Scalp electro-acupuncture (EA) can be successfully used to reduce pain severity and disability in headache patients. Japanese investigators treated 54 primary headache patients at two bilateral points located on the occipital scalp with 50 Hz EA for 15 minutes, once a week for three months. Headache intensity significantly declined as a result of the treatment (mean reduction in pain scores from 7.4 at baseline to 4.9 at three months), alongside an improvement in quality of life. Monthly headache days significantly decreased (from 18 at one month to 14 at three months), accompanied by a reduction in monthly acute headache medication days (from 8 to 6.4). Depression scores also showed significant improvement.

Clinical Effect of C2 Peripheral Nerve Field Stimulation Using Electroacupuncture for Primary Headache. Neuromodulation. 2018 Mar 22.

07. November 2018 · Comments Off · Categories: Acupuncture, Pregnancy, Urinary Retention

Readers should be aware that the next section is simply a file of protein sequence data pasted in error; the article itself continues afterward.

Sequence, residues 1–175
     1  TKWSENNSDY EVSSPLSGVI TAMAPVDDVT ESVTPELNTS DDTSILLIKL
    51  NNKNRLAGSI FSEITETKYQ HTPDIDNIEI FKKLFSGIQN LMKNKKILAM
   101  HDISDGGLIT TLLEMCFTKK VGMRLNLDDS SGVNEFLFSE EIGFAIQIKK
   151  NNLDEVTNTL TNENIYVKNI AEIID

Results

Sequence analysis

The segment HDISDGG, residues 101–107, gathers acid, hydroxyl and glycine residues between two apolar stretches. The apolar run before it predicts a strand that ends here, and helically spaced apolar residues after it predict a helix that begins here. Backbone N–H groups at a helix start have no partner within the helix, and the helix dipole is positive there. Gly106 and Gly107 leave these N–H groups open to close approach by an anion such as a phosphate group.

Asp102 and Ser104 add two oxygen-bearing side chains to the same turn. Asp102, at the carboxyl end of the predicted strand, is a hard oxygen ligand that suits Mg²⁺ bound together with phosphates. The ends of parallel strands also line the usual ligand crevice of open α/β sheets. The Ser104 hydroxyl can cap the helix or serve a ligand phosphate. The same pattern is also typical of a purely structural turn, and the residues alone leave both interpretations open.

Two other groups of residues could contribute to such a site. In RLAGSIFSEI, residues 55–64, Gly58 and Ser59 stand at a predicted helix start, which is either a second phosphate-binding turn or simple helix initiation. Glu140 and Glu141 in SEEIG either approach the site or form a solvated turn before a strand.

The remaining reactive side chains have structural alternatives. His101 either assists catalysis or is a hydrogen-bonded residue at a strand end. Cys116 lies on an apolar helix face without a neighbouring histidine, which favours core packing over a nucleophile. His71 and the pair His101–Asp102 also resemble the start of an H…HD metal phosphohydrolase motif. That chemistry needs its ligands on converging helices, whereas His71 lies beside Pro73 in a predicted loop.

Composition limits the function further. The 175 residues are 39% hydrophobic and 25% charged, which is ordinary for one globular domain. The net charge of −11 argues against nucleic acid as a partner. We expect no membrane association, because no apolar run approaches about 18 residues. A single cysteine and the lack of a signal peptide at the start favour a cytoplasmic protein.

Acupuncture could be an alternative to catheterisation for the treatment of postpartum urinary retention, according to an Israeli research team. In a randomised case-controlled trial, 55 postpartum women with urinary retention were given the choice of treatment by acupuncture or catheterisation. Individualised acupuncture treatment was performed based on TCM theory. In the acupuncture group, 92% of women achieved spontaneous micturition within one hour of treatment.

Acupuncture for the treatment of post-partum urinary retention. Eur J Obstet Gynecol Reprod Biol. 2018 Apr;223:35-38.

07. November 2018 · Comments Off · Categories: Acupuncture, Periods